Saturday, July 3, 2010

Media Monday: Take it for a Test Drive

Almost two years ago now, my husband's sister and her children stayed with us for a couple of months. While they were with us, we made a point of renting fun movies and video games from our local movie rental for the kids.

One week we rented a car racing game for my nephew. It seemed innocent enough. It was rated "E" and stored in the children's section of the video game area. My nephew loved it. But that week, we noticed that his behavior seriously went downhill. He became more aggressive and argumentative, both with his sisters and with the adults. He became destructive. And his outdoor play centered on crashing the remote control car we bought him. We found ourselves wondering what happened to the sweet, responsible, curious boy we all knew.

Then we remembered that the change occurred around the same time that he started playing this game. We started paying attention during his game play time. It soon became apparent that the game encouraged the player to crash rather than try to win the race. The graphics for crashing were high-tech (like something out of an action movie), slow motion, and generally really cool. When you won the race? Not so impressive. There was a banner and some low quality fireworks graphics. Crashing was far more fun.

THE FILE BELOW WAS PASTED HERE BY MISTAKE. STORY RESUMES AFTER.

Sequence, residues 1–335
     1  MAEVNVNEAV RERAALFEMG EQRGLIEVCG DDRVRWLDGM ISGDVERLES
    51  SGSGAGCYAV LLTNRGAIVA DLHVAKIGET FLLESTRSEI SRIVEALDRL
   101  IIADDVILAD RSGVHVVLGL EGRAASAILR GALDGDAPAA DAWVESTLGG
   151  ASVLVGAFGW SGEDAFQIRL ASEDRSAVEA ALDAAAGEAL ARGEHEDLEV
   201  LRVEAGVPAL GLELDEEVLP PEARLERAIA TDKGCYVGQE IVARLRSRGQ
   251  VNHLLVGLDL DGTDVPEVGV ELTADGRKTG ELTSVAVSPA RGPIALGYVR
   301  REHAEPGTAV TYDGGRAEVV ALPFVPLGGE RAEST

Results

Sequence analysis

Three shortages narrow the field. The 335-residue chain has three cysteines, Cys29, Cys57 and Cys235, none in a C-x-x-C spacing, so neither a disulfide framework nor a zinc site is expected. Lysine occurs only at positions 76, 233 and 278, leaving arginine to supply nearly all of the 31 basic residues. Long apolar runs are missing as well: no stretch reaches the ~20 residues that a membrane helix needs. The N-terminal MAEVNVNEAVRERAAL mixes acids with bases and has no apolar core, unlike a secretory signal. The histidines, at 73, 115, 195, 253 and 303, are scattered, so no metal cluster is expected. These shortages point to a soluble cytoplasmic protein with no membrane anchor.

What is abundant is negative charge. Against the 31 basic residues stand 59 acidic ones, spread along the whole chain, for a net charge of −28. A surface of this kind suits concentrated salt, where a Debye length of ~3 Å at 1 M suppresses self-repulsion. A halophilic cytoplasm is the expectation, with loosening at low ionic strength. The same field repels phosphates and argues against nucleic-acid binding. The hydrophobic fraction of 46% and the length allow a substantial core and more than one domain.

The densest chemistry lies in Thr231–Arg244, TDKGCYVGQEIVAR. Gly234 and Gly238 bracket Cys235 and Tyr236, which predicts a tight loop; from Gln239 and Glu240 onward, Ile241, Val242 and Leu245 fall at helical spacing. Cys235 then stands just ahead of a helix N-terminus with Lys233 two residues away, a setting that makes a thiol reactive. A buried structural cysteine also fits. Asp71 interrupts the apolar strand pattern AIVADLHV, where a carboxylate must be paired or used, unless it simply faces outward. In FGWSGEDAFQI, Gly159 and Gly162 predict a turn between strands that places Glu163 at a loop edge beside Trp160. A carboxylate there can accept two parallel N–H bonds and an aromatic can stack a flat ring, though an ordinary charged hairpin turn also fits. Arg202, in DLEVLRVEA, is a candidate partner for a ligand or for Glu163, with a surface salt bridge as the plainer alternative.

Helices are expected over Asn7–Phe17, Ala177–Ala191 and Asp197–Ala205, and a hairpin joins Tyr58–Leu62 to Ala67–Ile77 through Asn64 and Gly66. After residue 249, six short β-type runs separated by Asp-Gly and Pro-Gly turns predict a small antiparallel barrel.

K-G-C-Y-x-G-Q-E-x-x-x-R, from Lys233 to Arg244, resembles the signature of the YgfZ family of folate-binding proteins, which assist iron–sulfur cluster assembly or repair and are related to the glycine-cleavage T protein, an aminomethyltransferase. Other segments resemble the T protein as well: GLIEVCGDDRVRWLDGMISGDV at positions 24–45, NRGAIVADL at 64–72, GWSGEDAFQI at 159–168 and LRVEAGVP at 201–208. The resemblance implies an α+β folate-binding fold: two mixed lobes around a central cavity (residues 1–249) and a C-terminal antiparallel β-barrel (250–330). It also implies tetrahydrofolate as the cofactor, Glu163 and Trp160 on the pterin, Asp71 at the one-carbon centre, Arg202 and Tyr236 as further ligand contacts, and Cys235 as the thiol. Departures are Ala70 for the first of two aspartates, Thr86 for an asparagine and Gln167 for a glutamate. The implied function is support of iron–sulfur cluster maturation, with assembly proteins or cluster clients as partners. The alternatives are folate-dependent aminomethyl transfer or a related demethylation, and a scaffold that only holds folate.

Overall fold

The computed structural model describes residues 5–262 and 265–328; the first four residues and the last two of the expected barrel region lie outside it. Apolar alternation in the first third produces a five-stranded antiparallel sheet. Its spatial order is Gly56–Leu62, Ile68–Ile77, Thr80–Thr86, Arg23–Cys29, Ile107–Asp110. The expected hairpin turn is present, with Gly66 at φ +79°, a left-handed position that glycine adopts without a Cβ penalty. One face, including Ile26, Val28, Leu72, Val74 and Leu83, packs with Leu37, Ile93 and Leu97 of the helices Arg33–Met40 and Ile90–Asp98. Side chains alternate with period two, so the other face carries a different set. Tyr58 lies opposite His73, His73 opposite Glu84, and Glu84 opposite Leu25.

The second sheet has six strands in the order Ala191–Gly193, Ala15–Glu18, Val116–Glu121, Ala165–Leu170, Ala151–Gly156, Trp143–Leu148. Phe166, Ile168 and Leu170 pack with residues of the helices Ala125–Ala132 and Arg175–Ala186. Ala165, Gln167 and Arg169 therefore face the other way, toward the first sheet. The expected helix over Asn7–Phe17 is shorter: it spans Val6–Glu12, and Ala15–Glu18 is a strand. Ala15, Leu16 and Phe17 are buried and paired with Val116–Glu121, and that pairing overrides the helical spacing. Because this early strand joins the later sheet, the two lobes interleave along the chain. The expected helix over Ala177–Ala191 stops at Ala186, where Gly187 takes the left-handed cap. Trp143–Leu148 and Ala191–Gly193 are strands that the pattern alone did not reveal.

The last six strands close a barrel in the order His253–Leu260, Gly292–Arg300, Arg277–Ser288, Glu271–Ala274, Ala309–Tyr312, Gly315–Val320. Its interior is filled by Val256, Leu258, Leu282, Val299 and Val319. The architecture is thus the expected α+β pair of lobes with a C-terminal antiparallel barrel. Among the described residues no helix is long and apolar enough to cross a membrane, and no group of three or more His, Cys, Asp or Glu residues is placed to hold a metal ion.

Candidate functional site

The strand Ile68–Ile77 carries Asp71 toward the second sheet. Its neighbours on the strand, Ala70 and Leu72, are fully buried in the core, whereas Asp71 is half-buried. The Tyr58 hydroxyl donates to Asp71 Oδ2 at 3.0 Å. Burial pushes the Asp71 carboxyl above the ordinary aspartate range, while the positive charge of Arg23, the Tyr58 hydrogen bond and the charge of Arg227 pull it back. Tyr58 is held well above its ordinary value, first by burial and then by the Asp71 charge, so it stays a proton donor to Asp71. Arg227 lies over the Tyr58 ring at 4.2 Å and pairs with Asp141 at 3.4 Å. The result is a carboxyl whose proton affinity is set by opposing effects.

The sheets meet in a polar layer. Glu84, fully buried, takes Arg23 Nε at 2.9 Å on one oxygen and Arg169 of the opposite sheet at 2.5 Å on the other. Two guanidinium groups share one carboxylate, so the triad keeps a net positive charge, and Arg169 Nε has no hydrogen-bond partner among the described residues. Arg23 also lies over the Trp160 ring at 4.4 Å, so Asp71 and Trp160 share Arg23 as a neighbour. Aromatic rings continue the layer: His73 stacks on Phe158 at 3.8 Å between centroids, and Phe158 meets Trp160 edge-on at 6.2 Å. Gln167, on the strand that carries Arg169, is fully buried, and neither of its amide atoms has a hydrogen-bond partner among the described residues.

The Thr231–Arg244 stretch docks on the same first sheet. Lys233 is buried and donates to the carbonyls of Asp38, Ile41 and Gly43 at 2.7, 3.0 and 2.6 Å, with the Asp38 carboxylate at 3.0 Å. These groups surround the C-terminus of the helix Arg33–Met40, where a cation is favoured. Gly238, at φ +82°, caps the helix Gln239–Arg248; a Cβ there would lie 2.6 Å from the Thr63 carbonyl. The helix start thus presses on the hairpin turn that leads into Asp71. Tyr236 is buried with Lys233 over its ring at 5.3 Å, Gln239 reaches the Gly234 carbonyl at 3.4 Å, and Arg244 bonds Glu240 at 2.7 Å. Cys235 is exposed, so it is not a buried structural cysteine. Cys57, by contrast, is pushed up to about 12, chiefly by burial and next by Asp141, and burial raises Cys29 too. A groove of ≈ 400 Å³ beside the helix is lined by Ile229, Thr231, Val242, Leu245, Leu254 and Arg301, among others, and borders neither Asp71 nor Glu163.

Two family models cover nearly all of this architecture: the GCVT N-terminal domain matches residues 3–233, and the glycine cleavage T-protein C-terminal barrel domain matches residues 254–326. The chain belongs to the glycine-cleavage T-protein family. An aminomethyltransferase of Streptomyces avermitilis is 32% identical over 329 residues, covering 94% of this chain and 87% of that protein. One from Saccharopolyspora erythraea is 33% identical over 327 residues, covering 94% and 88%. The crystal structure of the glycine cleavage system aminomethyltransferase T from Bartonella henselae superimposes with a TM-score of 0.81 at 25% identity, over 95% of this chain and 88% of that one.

We returned the game at the end of the week rather than giving it the full two we had paid for. We replaced the game with something from the Mario franchise (I don't remember which one at this point). My nephew's behavior returned to normal within a couple of days.

This incident was a fascinating example of how digital media use can effect behavior. And the example was in real time. But the real lesson for us had more to do with our purchasing behavior. We learned that just because a game is approved for a certain group doesn't mean it's an appropriate game. There are just some things that rating systems can't account for.

The fact that the racing game was a rental was a godsend. For us, the real lesson was to rent before we buy. We won't buy a game until we know that it's a good one for us. I highly recommend making your local video rental store your friend when it comes to video games.


  1. My son has a terrible negative reaction to Pokemon Pearl. Taking it away is somewhat problematic, because he earned the money to pay for it himself, but we may need to do that. We're trying to steer him to creative, less intense games like WarioWare DIY.

  2. Thanks for the example! Perhaps changing out games could be portrayed as an "exchange"?